Can You Eat That Striped Bass From the Hudson?

picture of two anglers on a boat holding a striped bass

Striped bass are one of the most well-known fish in the entire Hudson River, prized by generations of fishermen. Many anglers believe striped bass are not contaminated with PCBs (polychlorinated biphenyls).

The truth is that testing over many decades have shown that some Hudson River striped bass have PCB levels often three to four times higher than other striped bass found south of the Rip Van Winkle Bridge in Catskill. How do you know if the striped bass you catch has high PCB levels? The answer is - you don’t!

What are the chances of catching a striped bass with more than 1 part per million (ppm) of PCBs?

Illustration showing an angler's chances of catching a striped bass with PCB levels over 1ppm in different fishing locations and seasons on the Hudson - Troy during the fall 85 to 100% chance, Troy during the spring 30 to 50% chance, Catskill during the spring 3 to 21% chance

This graphic represents the percentage of striped bass that exceed 1 ppm (part per million) of PCBs sampled in the Hudson River at Troy and Catskill in any given year between 2007 and 2015. One ppm is a health protective guideline used by the NYS Department of Health (NYS DOH) for setting PCB based fish advisories. For this reason, NYS DOH has a “do not eat” advisory on recreationally caught striped bass between Troy and Catskill and other restrictions south of Catskill (see below or the Hudson River regional advice page). This advisory has been in effect for more than 20 years.

So can you eat that striped bass? It depends.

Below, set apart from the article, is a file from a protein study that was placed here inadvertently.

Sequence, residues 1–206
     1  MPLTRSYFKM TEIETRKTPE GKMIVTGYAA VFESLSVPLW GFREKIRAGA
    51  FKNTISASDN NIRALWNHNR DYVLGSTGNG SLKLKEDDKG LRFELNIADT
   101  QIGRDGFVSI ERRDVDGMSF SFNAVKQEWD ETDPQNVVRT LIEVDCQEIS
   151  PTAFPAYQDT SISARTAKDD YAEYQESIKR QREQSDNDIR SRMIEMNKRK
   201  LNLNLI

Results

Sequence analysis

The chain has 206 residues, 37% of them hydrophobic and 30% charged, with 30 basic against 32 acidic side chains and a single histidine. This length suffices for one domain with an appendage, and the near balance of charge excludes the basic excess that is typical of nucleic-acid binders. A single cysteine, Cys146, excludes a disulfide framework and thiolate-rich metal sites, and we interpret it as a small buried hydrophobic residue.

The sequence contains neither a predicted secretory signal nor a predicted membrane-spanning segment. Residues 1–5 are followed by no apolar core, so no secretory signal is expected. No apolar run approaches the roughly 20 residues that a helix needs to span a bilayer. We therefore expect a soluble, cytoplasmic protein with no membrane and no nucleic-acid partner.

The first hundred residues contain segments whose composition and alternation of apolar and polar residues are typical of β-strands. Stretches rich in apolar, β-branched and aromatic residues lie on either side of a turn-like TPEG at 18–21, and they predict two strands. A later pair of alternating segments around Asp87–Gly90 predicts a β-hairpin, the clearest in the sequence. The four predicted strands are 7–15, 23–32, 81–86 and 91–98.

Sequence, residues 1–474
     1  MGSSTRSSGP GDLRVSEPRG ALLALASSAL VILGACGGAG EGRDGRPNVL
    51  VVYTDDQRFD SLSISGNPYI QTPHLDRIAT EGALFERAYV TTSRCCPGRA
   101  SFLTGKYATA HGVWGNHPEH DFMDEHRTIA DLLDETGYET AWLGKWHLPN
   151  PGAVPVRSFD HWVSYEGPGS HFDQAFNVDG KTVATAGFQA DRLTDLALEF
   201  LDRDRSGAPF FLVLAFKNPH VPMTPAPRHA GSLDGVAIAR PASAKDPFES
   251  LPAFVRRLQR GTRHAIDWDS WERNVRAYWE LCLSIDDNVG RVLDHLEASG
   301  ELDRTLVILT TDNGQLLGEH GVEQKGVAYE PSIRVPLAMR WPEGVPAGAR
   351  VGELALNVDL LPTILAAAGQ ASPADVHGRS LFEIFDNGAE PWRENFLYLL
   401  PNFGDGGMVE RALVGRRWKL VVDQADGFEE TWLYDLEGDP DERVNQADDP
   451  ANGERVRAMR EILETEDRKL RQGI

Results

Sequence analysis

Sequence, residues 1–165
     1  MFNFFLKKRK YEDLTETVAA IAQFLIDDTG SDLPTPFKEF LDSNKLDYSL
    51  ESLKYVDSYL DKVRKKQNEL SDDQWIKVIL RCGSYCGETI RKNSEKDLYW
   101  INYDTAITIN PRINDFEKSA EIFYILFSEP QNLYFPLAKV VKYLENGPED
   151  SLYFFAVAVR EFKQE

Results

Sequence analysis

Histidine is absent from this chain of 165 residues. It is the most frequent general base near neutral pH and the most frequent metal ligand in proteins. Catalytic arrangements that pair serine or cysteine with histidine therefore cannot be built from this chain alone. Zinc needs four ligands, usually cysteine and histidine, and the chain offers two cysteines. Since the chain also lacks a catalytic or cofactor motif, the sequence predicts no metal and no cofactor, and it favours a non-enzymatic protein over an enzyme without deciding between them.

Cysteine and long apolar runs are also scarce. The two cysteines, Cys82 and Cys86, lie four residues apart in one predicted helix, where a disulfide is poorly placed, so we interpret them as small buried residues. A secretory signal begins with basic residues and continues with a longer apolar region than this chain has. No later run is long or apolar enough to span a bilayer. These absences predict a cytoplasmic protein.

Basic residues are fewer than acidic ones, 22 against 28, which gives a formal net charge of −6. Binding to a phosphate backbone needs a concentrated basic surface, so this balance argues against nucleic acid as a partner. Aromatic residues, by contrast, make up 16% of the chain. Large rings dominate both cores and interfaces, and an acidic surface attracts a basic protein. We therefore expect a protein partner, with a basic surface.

Who you are matters

Women under 50 and children under 15 should not eat any fish from the Hudson River, including striped bass. Women who eat highly contaminated fish and become pregnant may have an increased risk of having children who are slower to develop and learn. Some contaminants may be passed on to infants in mother’s milk. Exposure to contaminants may also have a greater effect on young children than adults. Women beyond their childbearing years (over 50) and men may face fewer health risks from some chemicals. For that reason, the advice for women over age 50 and men over age 15 allows them to eat more kinds of sportfish and more often.

Where you fish matters

Even though striped bass are a migratory fish, enough data exists that shows striped bass caught between Troy and Catskill can have PCBs well above the recommended NYS DOH guidelines.

Advice if you are fishing between Troy and Catskill:

No one should eat striped bass from this section of the Hudson River. Have fun reeling them in, but consider practicing catch and release fishing.

Advice if you are fishing between Catskill and the Battery in NYC:

Men over 15 and women over 50 can eat up to one, half-pound meal per month of striped bass. See our trimming and skinning tips below for more information on how to reduce PCBs in a fish meal.

Women under 50 and children under 15 should not eat any fish from the Hudson River. Have fun reeling them in, but consider practicing catch and release fishing.

Want to see the data?

picture of a striped bass

Click to see the striped bass packet (pdf, 5MB) for more details and a “deeper dive” into the data.

Skinning and Trimming to Reduce PCBs

By removing the skin and fat, and cooking so fat drips off, you can remove about 50% of PCBs from a fish meal

diagram illustrating trimming skin and dark fatty meat away from a fish fillet

You can reduce the amount of PCBs in a fish meal by properly trimming, skinning and cooking your catch.

  • Remove the skin and trim all the fat from the belly flap, the dark line along the sides, and the fat along the back and under the skin (see diagram).
  • Cooking or soaking fish cannot eliminate the contaminants, but heat from cooking melts some of the fat in fish and allows some of the contaminated fat to drip away.
  • Broil, grill or bake the trimmed, skinned fish on a rack so that the fat drips away. Do not use drippings to prepare sauces or gravies.

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NYS DEC striped bass resources:

Check the most up-to-date NYS DEC regulations before you go out.

Tips for using circle hooks.